Russia's deputy foreign minister has said Britain's expulsion of four diplomats from London could jeopardise co-operation on counter-terrorism.
Alexander Grushko said the move - a response to the Alexander Litvinenko murder row - would complicate "vitally important" security issues.
He added: "We are being punished for observing our own constitution."
The Foreign Office said it had set out its position adding: "No retaliation on Russia's behalf is justified."
A full statement is expected from Moscow, which has warned Britain to expect "serious consequences".
The expulsion of four diplomats follows Moscow's refusal to hand over former KGB agent Andrei Lugovoi, who is accused of murdering Mr Litvinenko in London last year. Mr Lugovoi denies involvement.
Mr Grushko said London had said it would not maintain contacts with Russia's Federal Security Service - also that the UK was prepared to co-operate on counter-terrorism.
"These are mutually exclusive statements taking into account the central role the federal security service takes in fighting terrorism both internationally and domestically," said Mr Grushko.
"It is obvious that the policy which is being pursued by Britain is going to complicate the terrorist, the security issues, which are vitally relevant and important for Britain and Russia and the wider world."
He also said the visa measures announcements would make things difficult for ordinary Russians - the UK has said they would only affect government-sponsored visas, not those of ordinary Russians.
Asked why there was not yet any formal response, the Russian ambassador to Britain, Yuri Fedotov, said: "It takes time, we are serious people, we are not rushing."
He later told the BBC it was "hard to be optimistic" about the state of British-Russian relations.
"I hope in the long run our relations will be restored but [this] is not the best moment in the history of our bilateral relations," he added.
Prime Minister Gordon Brown's official spokesman said he had not yet received a formal response from Moscow, but when he did it would be "considered carefully".
Speaking on BBC2's Newsnight, Boris Berezovsky, a London-based Russian dissident, urged Mr Lugovoi to submit himself for trial in a third country like Germany, Denmark or Norway.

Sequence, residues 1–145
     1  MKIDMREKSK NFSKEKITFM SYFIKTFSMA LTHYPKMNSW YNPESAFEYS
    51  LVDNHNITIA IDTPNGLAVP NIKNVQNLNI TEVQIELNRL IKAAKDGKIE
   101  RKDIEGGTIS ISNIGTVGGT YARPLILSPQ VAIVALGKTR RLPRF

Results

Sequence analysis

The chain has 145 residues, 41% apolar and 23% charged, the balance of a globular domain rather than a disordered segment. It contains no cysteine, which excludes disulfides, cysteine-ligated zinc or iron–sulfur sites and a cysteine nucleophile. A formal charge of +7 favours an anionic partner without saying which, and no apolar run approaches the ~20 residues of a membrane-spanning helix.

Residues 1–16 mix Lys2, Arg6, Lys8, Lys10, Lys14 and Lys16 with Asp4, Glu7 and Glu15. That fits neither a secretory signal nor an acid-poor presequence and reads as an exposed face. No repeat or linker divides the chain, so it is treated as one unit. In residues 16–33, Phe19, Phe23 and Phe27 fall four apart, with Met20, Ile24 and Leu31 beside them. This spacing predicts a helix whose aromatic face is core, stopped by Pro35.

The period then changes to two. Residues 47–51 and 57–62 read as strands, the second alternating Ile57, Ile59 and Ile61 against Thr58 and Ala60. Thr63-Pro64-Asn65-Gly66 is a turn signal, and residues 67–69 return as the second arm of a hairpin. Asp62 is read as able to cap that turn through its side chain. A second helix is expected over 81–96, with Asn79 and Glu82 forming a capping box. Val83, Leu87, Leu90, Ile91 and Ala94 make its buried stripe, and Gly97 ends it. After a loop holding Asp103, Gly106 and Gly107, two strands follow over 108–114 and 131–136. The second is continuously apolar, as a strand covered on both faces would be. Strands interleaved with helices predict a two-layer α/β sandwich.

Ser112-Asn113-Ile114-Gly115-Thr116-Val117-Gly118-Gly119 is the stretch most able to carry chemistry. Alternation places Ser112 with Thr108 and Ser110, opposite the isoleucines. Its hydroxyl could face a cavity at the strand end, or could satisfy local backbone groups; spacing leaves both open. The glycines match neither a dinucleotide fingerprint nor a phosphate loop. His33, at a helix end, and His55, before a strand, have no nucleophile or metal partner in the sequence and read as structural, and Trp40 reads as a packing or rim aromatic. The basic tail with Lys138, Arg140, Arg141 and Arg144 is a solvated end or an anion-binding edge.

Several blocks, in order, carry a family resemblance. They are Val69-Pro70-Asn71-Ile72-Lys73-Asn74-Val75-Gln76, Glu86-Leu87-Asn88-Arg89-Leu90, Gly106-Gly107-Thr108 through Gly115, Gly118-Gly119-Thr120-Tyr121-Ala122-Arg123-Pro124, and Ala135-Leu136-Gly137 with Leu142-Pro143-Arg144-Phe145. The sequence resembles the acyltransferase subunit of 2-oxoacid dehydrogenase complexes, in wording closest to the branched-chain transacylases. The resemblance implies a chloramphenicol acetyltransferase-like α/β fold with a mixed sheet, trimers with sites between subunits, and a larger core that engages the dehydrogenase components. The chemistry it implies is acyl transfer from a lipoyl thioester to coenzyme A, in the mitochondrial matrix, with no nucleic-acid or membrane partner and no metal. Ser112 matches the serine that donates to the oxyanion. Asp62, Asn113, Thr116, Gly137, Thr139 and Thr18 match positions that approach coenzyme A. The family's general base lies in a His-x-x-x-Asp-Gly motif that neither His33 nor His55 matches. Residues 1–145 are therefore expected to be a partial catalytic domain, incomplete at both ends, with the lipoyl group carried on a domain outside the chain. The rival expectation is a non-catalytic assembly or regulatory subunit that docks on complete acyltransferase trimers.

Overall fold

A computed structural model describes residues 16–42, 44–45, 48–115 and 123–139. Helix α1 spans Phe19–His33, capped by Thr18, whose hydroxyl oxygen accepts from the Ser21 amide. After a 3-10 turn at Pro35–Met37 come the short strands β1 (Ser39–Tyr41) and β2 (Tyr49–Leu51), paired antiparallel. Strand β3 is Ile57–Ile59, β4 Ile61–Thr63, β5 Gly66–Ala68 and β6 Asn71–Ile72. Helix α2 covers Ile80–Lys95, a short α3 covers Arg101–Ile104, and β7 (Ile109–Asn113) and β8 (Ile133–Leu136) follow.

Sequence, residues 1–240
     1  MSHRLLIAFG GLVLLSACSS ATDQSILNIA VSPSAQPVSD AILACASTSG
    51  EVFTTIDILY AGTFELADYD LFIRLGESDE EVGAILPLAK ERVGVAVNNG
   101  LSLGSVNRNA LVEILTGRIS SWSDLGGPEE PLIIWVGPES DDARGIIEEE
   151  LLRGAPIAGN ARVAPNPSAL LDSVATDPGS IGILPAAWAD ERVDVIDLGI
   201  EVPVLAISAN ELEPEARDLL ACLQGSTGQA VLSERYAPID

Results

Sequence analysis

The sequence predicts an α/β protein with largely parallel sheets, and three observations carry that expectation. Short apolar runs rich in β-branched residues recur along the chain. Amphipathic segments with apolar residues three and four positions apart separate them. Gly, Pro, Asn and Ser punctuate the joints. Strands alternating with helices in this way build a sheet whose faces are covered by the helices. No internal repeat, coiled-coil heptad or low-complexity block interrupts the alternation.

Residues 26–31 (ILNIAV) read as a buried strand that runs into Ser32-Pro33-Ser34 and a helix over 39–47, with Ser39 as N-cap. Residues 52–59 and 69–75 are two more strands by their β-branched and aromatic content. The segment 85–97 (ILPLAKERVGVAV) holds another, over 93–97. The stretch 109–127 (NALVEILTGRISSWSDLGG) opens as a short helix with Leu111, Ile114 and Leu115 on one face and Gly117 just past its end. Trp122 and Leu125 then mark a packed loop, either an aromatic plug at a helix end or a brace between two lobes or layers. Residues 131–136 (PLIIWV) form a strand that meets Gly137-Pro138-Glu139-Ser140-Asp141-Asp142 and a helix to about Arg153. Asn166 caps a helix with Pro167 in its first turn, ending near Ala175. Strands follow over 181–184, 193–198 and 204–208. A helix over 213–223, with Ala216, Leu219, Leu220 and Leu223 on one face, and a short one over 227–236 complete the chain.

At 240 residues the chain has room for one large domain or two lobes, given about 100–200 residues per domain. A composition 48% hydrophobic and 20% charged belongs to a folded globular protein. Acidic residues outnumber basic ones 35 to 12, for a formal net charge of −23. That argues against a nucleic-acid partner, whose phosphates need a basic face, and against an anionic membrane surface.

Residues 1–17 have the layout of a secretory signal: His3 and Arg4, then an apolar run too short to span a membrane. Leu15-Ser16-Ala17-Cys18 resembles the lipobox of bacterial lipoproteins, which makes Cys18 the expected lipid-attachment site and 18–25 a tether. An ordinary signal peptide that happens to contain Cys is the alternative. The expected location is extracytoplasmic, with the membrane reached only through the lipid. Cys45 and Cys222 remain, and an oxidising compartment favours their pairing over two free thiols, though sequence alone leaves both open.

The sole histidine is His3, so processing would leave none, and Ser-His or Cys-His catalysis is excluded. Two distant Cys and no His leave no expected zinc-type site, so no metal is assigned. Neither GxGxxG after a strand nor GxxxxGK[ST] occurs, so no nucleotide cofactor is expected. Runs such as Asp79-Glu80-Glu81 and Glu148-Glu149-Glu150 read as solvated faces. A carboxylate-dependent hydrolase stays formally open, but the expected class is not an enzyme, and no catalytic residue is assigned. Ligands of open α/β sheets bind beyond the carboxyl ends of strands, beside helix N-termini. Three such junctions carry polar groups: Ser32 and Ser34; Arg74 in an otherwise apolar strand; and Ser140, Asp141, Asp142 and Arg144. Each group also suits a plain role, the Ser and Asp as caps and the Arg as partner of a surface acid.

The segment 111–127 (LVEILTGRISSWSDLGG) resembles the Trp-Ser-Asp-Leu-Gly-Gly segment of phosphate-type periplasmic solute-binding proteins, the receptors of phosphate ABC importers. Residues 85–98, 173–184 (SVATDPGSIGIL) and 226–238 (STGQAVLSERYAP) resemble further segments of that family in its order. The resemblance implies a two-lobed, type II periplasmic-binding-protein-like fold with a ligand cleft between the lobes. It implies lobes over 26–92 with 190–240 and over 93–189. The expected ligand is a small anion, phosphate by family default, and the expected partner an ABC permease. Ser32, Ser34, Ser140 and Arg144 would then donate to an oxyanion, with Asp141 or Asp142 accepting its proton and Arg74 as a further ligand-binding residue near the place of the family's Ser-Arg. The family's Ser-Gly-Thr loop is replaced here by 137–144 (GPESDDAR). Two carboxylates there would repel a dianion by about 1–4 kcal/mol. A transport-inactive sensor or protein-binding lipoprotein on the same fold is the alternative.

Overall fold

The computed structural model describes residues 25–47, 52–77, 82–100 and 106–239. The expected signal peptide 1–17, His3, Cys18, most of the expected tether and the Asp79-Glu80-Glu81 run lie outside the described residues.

Mr Berezovsky added: "Maybe the Russian constitution is against [extradition] but Lugovoi personally, if he wants to clear the situation, he is able to travel anywhere he wants if he feels he is not guilty."
Mr Litvinenko, another former KGB agent, died of exposure to radioactive polonium-210 in London in November 2006.
The radioactive isotope used to poison him was found in several places that Mr Lugovoi had visited in London.
But Mr Lugovoi told Russian television that the outcome of the inquiry had been predetermined.
KEY EVENTS IN CASE
1 November 2006: Alexander Litvinenko meets Andrei Lugovoi and another Russian at a London hotel
23 November 2006: Litvinenko dies in a London hospital
24 November 2006: A Litvinenko statement accuses Russian President Vladimir Putin of involvement in his death. Experts say Litvinenko was poisoned
6 December 2006: UK police say they are treating the death as murder
22 May 2007: Lugovoi should be charged with Litvinenko's murder, British prosecutors say
28 May 2007: UK makes formal request for Lugovoi's extradition from Russia
He said: "The British authorities have in effect emphasised yet again that the Litvinenko case actually has a political subtext."
Under the European Convention on Extradition 1957, Russia has the right to refuse the extradition of a citizen.
The UK has the right to request Mr Lugovoi be tried in Russia, but the UK's director of public prosecutions, Sir Ken Macdonald, has already turned down the offer.
The UK's director of public prosecutions has recommended Mr Lugovoi be tried for murder by "deliberate poisoning".